As told in the Dindsenchas, Boann created the Boyne. Though forbidden to by her husband, Nechtan, Boann approached the magical Well of Segais (also known as the Connla's Well), which was surrounded by hazels. Hazelnuts were known to fall into the Well, where they were eaten by the speckled salmon (who, along with hazelnuts, also embody and represent wisdom in Irish mythology). Boann challenged the power of the well by walking around it widdershins; this caused the waters to surge up violently and rush down to the sea, creating the Boyne. In this catastrophe, she was swept along in the rushing waters, and lost an arm, leg and eye, and ultimately her life, in the flood. The poem equates her with famous rivers in other countries, including the River Severn, Tiber, Jordan River, Tigris and Euphrates.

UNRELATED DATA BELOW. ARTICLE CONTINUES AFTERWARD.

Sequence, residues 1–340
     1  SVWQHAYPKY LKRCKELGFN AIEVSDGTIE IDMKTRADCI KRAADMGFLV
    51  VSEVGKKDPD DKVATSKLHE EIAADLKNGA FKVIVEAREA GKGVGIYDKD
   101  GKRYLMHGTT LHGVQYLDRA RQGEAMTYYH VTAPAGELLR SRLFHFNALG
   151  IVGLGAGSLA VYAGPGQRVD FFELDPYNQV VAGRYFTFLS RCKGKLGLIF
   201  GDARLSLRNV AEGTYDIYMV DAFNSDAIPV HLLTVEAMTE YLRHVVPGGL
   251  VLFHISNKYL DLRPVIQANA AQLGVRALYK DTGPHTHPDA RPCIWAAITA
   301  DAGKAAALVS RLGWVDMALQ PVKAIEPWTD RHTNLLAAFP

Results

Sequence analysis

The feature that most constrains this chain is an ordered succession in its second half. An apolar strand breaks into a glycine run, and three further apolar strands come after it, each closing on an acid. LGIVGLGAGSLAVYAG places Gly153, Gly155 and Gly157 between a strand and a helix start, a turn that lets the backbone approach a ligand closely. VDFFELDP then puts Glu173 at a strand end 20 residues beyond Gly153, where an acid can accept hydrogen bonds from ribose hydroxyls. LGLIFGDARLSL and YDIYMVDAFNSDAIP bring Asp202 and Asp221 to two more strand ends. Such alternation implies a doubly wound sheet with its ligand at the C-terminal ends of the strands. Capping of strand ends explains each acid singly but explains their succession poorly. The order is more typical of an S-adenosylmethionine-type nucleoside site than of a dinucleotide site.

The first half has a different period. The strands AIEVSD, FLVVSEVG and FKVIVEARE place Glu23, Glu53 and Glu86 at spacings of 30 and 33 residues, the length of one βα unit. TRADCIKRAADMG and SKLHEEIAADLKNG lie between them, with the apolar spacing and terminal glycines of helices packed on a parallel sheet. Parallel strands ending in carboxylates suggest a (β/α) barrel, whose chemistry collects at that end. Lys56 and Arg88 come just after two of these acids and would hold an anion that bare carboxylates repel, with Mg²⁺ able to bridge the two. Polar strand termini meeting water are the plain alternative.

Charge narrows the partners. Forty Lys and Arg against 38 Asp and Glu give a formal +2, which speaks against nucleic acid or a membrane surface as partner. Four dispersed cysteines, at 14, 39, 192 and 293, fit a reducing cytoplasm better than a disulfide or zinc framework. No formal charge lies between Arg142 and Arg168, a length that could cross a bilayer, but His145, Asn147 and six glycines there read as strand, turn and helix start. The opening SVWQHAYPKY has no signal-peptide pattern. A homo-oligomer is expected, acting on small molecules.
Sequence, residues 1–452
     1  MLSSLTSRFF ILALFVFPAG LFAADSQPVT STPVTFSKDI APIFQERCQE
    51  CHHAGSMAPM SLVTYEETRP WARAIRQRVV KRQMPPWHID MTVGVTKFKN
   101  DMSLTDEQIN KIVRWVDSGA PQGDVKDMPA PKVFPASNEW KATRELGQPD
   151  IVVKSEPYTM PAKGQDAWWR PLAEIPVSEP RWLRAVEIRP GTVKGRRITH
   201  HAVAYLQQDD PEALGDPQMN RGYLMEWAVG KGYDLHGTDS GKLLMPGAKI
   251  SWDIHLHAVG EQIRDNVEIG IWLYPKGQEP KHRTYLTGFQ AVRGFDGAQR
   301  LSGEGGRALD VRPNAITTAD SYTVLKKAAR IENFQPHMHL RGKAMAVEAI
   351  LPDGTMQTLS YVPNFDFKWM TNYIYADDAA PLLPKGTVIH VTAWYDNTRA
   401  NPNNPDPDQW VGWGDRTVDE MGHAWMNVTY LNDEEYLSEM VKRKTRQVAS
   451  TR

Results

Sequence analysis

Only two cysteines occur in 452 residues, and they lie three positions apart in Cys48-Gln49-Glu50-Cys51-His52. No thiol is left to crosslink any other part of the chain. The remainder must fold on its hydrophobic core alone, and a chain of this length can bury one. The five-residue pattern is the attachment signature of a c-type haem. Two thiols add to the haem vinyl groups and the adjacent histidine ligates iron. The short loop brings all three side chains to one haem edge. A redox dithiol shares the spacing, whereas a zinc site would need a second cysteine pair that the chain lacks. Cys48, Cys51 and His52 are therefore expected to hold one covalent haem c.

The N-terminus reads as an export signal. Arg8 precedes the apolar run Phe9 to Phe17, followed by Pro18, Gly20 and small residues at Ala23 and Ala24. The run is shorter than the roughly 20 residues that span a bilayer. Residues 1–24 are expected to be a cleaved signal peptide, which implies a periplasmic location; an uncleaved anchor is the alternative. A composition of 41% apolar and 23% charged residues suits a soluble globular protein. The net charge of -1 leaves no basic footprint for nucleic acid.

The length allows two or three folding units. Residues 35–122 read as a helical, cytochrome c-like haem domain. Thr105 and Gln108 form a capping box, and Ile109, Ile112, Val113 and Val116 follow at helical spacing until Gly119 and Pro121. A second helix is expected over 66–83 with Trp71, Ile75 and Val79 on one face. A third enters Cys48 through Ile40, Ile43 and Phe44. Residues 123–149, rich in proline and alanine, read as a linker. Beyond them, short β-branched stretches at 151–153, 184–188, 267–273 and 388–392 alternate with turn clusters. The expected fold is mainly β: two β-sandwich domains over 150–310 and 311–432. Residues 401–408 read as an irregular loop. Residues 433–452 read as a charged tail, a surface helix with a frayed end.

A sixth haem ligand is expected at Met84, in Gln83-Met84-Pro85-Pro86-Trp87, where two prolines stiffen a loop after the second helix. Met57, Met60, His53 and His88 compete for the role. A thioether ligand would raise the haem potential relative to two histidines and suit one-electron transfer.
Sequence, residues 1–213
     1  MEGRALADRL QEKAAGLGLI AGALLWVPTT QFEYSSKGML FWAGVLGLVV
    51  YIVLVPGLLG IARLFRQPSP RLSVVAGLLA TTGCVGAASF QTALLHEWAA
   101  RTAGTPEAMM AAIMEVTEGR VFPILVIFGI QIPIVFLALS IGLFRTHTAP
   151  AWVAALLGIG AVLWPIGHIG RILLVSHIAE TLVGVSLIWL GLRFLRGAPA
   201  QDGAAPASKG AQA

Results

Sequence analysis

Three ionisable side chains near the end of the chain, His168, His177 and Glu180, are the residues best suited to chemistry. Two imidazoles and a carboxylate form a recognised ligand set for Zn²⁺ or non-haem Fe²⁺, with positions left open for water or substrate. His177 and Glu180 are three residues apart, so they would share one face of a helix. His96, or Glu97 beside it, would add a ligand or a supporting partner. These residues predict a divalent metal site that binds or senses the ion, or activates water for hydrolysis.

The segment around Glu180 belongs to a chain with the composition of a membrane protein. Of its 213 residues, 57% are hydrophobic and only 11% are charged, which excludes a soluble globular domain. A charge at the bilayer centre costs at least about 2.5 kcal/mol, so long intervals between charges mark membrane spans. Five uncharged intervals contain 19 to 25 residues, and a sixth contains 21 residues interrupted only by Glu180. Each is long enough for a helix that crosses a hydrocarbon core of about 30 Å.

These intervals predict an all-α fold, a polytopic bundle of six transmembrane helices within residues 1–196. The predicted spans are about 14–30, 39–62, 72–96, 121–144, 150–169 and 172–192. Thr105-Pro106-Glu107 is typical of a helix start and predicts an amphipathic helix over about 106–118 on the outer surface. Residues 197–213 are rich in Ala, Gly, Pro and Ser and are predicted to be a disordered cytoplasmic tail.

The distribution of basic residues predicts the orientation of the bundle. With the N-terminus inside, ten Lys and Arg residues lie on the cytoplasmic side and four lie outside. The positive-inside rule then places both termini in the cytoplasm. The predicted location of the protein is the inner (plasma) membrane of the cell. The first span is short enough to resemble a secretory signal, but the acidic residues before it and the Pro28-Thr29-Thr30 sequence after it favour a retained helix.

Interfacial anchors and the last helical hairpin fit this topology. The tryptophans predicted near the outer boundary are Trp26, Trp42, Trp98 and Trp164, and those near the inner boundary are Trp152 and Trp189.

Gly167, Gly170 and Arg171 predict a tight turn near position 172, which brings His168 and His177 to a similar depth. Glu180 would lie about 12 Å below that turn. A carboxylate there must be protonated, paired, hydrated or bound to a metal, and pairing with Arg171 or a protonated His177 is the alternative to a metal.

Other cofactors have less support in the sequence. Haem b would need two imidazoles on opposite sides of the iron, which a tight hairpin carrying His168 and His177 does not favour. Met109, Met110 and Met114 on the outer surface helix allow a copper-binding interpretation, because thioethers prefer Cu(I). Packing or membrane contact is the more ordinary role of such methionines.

She also appears in Táin Bó Fraích as the maternal aunt and protector of the mortal Fráech.
Modern-day commentators and modern paganism sometimes identify Boann with the goddess Brigid or believe Boann to be Brigid's mother; however there are no Celtic sources that describe her as such. It is also speculated by some modern writers that, as the more well-known goddess, and later saint, the legends of numerous "minor" goddesses with similar associations may have over time been incorporated into the symbology, worship and tales of Brigid.